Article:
Addiction, also known as substance use disorder (SUD), is a chronic brain disease, and is listed as such in the Diagnostic and Statistical Manual of Mental Disorders, Fifth Edition (DSM-5)….
In relation to substance abuse and addiction, this is an integral component to an individual’s recovery process, as his or her body must begin to function without the presence of any abused substance. Drugs and alcohol affect each individual differently. Hence, one’s detox experience will vary from person to person. Detox can be a rather uncomfortable process. Any individual that has habitually abused drugs and/ or alcohol will have created various physical accommodations for functioning with the presence of the abused substance or substances. When the substance or substances are removed from the body, or are no longer ingested, one’s body must make the necessary adjustments to learn to function in its absence. There are different detox methods that an individual can undergo, depending on their unique needs. The result that occurs from a successful detox will remain the same, removing foreign substances from one’s body, regardless of the method selected.
Detox methods are typically divided between two umbrellas terms: inpatient detox programs and outpatient detox programs. Inpatient detox programs can include medically supported detox (medical detox programs, medically supervised detox programs…etc.) as well as inpatient nonmedical detox programs that provide twenty-four-hour support and supervision for the individual undergoing detox. Outpatient detox programs have a range of support available. Some individuals may choose to undergo detox in their own home with minimal or no support, while others may opt to enlist twenty-four-hour support for the duration of their detox process, while remaining at home. Depending on the situation, in some cases it is best to undergo detox in an inpatient facility, with the assistance of medical professionals.
Risks of At Home Detox
While it is not uncommon for individuals to attempt an at home detox process, it is not always the safest choice. Depending on the type of substance abused, length of time an individual abused the substance, potency of substance, personal health history and frequency of use the withdrawal symptoms that can occur can be severe, and in some cases, life threatening. Furthermore, when individuals attempt detox at home the intense discomforts of withdrawal symptoms can lead an individual to relapse and return to the use of a substance in attempts to alleviate withdrawal symptoms. This, more often than not, results in an ineffective and unsuccessful detox, and can also increase the risk of overdose.
Medications Used in Detox
When an individual undergoes a medical detox, various medications are utilized in conjunction with therapeutic modalities to assist in the process. Most commonly medications that are administered during detox are used to help treat different withdrawal symptoms. Some examples of the medications prescribed by physicians to be used during the detox process include, but are not limited to the following:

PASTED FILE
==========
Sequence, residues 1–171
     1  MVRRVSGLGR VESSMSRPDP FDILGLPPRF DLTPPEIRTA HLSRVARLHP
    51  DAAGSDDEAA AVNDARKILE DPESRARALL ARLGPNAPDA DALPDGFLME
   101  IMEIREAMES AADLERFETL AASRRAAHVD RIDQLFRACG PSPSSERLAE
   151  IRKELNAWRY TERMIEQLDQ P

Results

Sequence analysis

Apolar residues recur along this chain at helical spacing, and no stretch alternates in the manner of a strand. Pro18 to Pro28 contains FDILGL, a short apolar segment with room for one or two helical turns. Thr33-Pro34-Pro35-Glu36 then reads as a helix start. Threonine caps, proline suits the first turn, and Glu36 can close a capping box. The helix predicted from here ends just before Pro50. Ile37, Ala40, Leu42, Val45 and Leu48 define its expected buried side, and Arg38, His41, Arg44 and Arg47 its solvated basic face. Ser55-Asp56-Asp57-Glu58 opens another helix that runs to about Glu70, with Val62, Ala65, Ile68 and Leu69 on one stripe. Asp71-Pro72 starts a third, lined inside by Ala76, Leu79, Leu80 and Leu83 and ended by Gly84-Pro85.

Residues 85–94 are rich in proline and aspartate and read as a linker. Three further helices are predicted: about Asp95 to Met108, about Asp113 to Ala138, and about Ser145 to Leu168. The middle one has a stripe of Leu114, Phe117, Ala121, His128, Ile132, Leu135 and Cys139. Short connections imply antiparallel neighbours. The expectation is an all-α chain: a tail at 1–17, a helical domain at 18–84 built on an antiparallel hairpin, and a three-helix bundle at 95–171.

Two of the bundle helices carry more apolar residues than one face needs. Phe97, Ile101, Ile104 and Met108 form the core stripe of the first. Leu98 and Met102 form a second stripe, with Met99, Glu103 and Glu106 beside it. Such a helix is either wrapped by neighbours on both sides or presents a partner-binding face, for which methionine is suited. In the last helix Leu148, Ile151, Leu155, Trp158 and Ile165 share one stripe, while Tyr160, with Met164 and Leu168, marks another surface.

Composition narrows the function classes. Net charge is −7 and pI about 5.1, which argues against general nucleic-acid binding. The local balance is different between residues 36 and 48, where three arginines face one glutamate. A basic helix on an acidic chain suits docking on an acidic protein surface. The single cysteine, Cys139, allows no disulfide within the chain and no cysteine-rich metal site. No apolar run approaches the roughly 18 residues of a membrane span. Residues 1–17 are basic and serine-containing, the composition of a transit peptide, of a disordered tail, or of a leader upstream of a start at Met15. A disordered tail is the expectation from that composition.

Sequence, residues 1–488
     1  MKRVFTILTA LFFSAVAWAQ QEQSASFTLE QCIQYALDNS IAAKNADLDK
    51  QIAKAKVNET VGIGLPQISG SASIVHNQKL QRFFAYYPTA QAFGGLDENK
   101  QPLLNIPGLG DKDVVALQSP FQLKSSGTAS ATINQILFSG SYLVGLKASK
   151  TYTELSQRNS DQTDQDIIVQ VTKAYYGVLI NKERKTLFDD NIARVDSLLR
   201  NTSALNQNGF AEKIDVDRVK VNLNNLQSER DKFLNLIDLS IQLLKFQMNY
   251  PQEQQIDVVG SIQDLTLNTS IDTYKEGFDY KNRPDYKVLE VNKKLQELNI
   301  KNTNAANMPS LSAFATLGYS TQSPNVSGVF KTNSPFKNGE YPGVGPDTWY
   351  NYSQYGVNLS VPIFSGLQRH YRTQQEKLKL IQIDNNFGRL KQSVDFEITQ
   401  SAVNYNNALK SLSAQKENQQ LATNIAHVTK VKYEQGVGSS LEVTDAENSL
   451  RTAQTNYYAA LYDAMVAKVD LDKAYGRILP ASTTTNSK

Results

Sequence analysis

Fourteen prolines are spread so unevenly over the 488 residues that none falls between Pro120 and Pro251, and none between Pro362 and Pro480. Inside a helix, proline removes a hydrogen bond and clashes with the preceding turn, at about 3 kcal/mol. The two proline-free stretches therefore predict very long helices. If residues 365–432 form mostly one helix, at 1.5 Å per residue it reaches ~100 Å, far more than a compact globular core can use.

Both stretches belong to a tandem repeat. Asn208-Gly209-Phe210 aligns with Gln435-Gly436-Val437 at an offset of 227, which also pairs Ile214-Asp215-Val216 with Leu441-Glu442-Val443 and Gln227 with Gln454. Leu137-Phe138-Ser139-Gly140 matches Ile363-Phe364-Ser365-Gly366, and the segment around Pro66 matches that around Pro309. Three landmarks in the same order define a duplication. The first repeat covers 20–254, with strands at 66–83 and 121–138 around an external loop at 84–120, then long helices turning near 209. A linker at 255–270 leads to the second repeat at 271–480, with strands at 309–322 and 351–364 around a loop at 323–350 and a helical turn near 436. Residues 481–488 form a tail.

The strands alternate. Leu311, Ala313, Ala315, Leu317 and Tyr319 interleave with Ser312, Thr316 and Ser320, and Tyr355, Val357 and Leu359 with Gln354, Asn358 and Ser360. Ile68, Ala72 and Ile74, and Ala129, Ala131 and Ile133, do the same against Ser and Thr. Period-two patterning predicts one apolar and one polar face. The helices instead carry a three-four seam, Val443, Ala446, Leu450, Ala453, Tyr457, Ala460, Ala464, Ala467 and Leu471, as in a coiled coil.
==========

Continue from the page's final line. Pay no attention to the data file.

- Antidepressants, such as Zoloft and Prozac, to reduce anxiety
- Clonidine, primarily used to treat withdrawal symptoms from opiate and/ or alcohol withdrawals
- Benzodiazepines, can help to decrease anxiety and irritability
- Suboxone, used to moderate severe opiate addictions
Medications can help an individual going through the detox process reduce some of the side effects and discomforts associated with specific withdrawal symptoms.
Detox Timeline: How Long Does It Last
The exact detox timeline will vary from person to person. As will the specific types of withdrawal symptoms and the duration of each symptom. Each detox experience will depend on several factors. These factors commonly include the type of substance abused, the potency of the abused substance, the frequency and amount of substance used each time, the method of ingestion (i.e. smoking, intravenously, eating, snorting…etc.), personal health history, presence of family history of addiction, presence of any dual diagnosis, and one’s genetic makeup. Generally, the detox timeline it akin to a bell curve: it begins the moment an individual ceases to use drugs and/ or alcohol, although the onset of withdrawal symptoms doesn’t usually occur instantaneously, followed by a period of acute withdrawal symptoms, then the manifestation of less severe withdrawal symptoms (that have the propensity to linger), and finally the tapering off of withdrawal symptoms.
Substance abuse and addiction can be incredibly dangerous.
If you or someone you know is suffering from substance abuse or addiction, please get help as soon as possible. The earlier you seek support, the sooner you and your loved ones can return to happy, healthy and fulfilling lives. There is no reason to go through this alone. Please feel free to reach out to us for further information or with any questions regarding substance abuse or addiction.
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Addiction, also known as substance use disorder (SUD), is listed in the Diagnostic and Statistical Manual of Mental Disorders, Fifth Edition (DSM-5) as a chronic, relapsing neurological disorder. The Mayo…